room with roll of insulation batting and tools
More in Insulation

How to Insulate a Wall

The drafty season is upon us. Learn how to beef up your wall's weather protection in four easy steps

Q: I'd like to add insulation to a wall during a renovation. What should I keep in mind?
—Peter Wefers, North Andover, Mass.

Tom Silva replies: Filling walls with a fluffy layer of fiberglass insulation is one of the easiest and least expensive ways to make your home more energy efficient. All it takes is a utility knife, a straightedge, and a little patience to make sure the insulation completely fills the stud cavity, side to side and top to bottom, without being overly compressed. Work with batts made to match the depth of the studs and the width of the stud bays; for typical 2x4 construction, that's 3½ inches deep and 15¼ inches wide with an R-value of 15. Fiberglass is easy to cut, so if your stud spacing is irregular, buy batts that will fill the widest bays, and trim the rest to fit.

When you're ready to begin, protect your skin, eyes, and lungs by wearing a long-sleeve shirt, pants, gloves, safety glasses, and dust mask. Then follow these basic installation tips to help the work go faster and make sure your insulation does its job.


Steps // How to Insulate a Wall
1 ×

Cut to Width

 
Step One // How to Insulate a Wall

Cut to Width

man cutting insulation batting
Photo by Ryan Benyi

For narrow stud bays, you have to trim down the batt's width. To do that, lay a batt on the floor in front of the cavity, as shown, and line up one edge with the inside face of the stud bay. Then lay a straight 2x4 in line with the inside face of the neighboring stud and press down on it with one knee. Run a utility knife alongside the 2x4, trimming the batt with a series of shallow cuts.

 
2 ×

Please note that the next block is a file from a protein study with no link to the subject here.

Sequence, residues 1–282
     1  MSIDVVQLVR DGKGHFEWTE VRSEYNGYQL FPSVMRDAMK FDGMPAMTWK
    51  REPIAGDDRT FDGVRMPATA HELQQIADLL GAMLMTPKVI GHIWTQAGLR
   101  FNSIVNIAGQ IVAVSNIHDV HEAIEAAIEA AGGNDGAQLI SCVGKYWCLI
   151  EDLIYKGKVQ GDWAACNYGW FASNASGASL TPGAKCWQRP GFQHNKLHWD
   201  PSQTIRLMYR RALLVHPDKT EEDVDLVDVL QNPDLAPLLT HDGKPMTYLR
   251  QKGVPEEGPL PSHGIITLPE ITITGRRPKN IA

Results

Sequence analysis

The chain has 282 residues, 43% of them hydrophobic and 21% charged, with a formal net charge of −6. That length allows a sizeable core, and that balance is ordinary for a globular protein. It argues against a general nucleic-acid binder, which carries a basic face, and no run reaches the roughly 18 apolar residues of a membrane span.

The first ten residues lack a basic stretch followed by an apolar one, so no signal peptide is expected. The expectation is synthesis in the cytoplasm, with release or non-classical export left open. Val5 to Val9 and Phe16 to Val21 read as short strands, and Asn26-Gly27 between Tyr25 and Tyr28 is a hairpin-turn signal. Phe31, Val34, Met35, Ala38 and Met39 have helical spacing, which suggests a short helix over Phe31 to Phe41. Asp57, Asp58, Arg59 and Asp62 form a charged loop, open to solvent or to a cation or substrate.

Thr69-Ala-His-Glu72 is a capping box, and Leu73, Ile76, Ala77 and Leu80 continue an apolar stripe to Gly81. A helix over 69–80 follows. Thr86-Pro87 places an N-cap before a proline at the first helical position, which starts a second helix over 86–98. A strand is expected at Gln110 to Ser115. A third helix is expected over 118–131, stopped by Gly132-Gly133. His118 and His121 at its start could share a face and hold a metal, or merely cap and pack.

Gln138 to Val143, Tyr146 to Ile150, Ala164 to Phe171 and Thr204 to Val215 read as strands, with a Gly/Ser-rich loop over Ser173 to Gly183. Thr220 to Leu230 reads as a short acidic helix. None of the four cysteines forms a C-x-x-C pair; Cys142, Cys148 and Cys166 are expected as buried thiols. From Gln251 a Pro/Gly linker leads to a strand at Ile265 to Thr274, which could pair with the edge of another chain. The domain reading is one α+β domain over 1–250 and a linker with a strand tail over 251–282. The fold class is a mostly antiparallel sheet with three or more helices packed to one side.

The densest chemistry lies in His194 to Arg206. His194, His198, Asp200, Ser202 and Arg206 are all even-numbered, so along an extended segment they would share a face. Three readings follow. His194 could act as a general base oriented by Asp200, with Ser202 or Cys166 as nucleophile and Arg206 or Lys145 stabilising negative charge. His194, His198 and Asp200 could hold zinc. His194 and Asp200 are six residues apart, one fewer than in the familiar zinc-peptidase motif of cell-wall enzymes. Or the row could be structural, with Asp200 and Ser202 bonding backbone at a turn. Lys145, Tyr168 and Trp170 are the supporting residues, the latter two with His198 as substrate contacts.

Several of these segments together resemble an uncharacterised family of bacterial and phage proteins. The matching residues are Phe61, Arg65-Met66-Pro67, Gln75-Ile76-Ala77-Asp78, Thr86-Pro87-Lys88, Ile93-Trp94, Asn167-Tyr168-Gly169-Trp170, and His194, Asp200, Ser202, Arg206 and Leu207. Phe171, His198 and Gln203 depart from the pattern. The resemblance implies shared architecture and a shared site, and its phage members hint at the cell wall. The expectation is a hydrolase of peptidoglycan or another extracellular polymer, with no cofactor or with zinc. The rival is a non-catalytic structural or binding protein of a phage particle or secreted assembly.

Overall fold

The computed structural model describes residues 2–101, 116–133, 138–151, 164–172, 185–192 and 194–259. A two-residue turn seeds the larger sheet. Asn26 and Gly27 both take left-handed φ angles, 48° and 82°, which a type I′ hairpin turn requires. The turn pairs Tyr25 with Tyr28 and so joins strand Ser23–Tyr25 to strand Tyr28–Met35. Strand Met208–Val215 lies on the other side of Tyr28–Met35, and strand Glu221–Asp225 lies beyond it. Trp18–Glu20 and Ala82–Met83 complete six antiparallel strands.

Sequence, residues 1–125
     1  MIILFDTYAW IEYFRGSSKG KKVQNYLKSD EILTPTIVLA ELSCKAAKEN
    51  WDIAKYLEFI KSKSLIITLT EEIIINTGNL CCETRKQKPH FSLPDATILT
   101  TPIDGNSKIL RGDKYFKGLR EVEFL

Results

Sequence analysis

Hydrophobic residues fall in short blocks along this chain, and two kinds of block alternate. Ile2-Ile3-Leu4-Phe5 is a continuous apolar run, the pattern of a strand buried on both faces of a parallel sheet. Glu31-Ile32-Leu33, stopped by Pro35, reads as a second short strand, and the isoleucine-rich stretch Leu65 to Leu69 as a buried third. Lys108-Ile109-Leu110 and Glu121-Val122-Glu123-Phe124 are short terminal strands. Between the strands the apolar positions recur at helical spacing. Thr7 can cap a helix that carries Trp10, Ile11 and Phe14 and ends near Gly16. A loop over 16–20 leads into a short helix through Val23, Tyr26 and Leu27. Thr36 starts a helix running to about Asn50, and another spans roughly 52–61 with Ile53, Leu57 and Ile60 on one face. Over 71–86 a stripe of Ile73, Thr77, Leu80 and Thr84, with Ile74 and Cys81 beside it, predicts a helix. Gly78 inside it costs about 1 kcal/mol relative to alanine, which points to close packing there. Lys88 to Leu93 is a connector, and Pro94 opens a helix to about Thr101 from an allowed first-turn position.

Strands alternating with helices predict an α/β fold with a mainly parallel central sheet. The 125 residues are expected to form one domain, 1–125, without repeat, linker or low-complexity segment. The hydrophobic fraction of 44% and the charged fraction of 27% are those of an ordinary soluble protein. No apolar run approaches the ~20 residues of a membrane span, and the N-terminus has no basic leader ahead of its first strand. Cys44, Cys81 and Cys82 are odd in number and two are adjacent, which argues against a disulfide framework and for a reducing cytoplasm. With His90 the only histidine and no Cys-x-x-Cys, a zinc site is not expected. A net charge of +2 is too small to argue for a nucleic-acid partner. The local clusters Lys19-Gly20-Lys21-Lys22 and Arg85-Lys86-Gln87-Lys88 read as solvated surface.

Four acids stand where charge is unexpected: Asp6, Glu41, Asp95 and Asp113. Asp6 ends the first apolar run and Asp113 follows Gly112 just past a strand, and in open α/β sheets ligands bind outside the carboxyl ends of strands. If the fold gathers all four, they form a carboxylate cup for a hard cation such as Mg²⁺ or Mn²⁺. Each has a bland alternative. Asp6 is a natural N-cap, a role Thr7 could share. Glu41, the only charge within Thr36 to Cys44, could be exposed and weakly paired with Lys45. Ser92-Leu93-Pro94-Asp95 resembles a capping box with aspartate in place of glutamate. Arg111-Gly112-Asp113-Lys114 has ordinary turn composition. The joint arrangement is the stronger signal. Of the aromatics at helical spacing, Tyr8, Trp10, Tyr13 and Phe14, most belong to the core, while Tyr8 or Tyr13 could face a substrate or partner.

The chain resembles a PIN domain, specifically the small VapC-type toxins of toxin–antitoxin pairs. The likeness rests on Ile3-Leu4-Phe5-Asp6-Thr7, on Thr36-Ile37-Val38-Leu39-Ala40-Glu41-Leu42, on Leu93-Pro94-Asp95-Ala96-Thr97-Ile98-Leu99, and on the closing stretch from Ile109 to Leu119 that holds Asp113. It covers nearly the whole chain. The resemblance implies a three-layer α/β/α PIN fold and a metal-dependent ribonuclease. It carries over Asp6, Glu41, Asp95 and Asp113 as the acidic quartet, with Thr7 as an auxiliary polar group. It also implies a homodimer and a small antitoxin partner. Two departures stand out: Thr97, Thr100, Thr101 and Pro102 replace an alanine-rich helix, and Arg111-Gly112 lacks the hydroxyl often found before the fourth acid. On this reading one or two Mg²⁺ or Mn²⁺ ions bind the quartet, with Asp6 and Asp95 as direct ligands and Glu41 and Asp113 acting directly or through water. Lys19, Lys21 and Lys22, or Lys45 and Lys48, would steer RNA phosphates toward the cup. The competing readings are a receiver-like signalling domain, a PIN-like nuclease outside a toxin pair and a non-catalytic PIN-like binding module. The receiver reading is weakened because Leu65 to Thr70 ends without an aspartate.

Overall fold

Trim to Length

 
Step Two // How to Insulate a Wall

Trim to Length

man cutting insulation batting to fit wall cavity
Photo by Ryan Benyi

Tuck the insulation into the cavity, snug against the top of the stud bay and edges flush with the studs. The batt should not be tightly compressed against the studs; that will reduce its R-value. For an accurate fit against the bottom of the cavity, let the insulation run long, then cut it against the bottom plate of the wall framing with your utility knife.

 
3 ×

Deal with Obstacles

 
Step Three // How to Insulate a Wall

Deal with Obstacles

man installing batt insulation
Photo by Ryan Benyi

For wires, halve the batt's thickness by pulling it apart. Then slide one half behind the wire and lay the other half in front. For electrical outlet boxes, install the batt, then cut a notch in its edge, using the box as a guide. For plumbing supply pipes, work the full thickness of the insulation behind the pipe to help prevent it from freezing.

 
4 ×

Add the Vapor Retarder

 
Step Four // How to Insulate a Wall

Add the Vapor Retarder

man installing vapor retarder over batt insulation
Photo by Ryan Benyi

In cold climates, a vapor retarder on the insulation's inside face prevents conden-sation that robs R-value and encourages mold. Batts faced with paper or foil have the retarder built in. Unfaced batts should be covered with 6-mil plastic or MemBrain (shown), a breathable sheet. Apply a bead of sealant to the top plate and to any studs where the sheets overlap, then tack the sheet every 12 to 24 inches to the top plate, studs, and bottom plate.

 
 
 

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